Heat Treatment of Steels

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Heat Treatment of Steels[edit]

The properties of steels may be altered greatly by the heat treatment to which the steel is subsequently subjected. These heat treatments bring about a change in the mechanical properties principally by modifying the steel’s structure. Those heat treatments which concern shipbuilding materials are described.

ANNEALING This consists of heating the steel at a slow rate to a temperat- ure of say 850 °C to 950 °C, and then cooling it in the furnace at a very slow rate. The objects of annealing are to relieve any internal stresses, to soften the steel, or to bring the steel to a condition suitable for a subsequent heat treatment.

NORMALIZING This is carried out by heating the steel slowly to a temperature similar to that for annealing and allowing it to cool in air. The resulting faster cooling rate produces a harder stronger steel than annealing, and also refines the grain size.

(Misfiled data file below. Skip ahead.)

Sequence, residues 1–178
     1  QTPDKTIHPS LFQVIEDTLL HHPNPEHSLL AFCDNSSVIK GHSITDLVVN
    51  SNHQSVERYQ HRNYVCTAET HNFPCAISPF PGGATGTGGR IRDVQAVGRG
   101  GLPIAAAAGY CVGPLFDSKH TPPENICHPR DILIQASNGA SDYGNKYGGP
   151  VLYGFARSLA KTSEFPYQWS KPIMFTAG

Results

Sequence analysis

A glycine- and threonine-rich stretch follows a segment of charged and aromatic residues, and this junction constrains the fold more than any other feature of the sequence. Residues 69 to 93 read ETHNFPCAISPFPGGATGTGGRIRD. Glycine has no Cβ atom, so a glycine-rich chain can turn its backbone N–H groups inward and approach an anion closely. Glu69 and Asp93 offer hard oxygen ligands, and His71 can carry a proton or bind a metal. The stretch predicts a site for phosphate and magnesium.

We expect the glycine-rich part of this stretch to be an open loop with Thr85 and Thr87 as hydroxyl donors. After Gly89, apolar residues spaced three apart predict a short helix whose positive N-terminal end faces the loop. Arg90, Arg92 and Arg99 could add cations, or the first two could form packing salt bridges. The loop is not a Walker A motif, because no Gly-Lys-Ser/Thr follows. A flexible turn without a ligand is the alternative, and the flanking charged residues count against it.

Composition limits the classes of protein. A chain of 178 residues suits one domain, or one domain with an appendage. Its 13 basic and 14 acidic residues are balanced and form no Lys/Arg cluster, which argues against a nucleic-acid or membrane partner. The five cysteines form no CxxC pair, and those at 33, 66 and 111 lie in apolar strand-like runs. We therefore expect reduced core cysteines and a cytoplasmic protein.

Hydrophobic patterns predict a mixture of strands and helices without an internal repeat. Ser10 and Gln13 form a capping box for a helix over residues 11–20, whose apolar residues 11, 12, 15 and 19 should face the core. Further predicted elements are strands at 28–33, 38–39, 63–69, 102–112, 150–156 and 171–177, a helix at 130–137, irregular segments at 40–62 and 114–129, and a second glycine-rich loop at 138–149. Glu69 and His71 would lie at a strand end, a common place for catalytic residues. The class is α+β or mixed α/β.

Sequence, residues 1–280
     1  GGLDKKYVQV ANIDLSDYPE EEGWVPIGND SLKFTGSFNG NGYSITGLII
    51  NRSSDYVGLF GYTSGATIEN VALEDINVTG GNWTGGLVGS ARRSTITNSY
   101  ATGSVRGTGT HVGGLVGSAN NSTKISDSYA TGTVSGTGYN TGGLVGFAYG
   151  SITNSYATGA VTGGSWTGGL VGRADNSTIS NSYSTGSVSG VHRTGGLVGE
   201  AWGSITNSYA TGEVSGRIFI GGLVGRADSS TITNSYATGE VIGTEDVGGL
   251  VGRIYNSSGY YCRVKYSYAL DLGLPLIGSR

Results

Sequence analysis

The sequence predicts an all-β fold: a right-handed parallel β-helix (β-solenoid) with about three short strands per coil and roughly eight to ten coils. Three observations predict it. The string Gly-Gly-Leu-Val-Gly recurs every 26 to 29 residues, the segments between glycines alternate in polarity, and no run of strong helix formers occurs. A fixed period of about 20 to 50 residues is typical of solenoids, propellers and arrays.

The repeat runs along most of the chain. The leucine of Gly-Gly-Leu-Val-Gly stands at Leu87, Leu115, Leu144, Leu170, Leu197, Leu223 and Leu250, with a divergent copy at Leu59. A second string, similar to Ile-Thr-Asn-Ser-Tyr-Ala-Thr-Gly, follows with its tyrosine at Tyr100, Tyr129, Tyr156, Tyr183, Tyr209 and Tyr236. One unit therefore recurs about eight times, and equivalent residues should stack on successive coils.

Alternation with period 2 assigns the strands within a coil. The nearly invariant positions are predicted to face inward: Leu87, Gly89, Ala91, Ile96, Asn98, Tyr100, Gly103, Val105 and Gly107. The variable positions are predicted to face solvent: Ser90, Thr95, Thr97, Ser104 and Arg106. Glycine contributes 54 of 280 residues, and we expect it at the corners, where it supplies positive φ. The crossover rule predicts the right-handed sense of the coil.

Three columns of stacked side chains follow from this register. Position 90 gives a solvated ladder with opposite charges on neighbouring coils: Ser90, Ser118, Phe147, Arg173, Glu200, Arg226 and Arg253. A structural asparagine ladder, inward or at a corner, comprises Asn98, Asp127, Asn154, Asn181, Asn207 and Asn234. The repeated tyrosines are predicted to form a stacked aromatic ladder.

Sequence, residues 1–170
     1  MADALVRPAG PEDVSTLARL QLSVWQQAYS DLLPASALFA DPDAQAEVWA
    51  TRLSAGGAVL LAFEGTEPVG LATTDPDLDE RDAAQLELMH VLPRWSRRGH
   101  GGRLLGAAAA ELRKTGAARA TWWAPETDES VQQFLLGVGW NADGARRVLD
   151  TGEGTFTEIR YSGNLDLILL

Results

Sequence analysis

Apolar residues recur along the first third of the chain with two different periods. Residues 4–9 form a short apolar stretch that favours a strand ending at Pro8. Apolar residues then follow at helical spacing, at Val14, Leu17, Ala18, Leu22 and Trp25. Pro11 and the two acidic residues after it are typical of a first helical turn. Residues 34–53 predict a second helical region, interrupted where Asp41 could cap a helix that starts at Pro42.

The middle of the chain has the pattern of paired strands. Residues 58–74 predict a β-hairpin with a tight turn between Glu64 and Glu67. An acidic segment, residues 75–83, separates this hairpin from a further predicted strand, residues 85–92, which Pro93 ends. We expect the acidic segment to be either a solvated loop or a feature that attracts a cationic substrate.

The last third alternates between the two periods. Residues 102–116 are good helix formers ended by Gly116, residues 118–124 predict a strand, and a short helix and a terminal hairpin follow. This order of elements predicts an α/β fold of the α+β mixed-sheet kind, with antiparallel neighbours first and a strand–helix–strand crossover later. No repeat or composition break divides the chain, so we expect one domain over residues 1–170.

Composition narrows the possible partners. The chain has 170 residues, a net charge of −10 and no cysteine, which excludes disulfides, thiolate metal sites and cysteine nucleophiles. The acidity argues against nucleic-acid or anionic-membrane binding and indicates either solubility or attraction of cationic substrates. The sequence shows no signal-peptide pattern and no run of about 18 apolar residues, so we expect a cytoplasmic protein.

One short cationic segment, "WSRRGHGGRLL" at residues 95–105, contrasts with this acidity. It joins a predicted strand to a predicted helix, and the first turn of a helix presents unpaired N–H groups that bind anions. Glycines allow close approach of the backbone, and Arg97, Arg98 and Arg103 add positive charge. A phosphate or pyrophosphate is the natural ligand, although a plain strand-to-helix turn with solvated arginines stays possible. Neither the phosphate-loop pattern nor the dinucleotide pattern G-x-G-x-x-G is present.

QUENCHING (OR HARDENING) Steel is heated to temperatures sim- ilar to that for annealing and normalizing, and then quenched in water or oil. The fast cooling rate produces a very hard structure with a higher tens- ile strength.

TEMPERING Quenched steels may be further heated to a temperature somewhat between atmospheric and 680 °C, and some alloy steels are then cooled fairly rapidly by quenching in oil or water. The object of this treat- ment is to relieve the severe internal stresses produced by the original hard- ening process and to make the material less brittle but retain the higher tensile stress.

STRESS RELIEVING To relieve internal stresses the temperature of the steel may be raised so that no structural change of the material occurs and then it may be slowly cooled.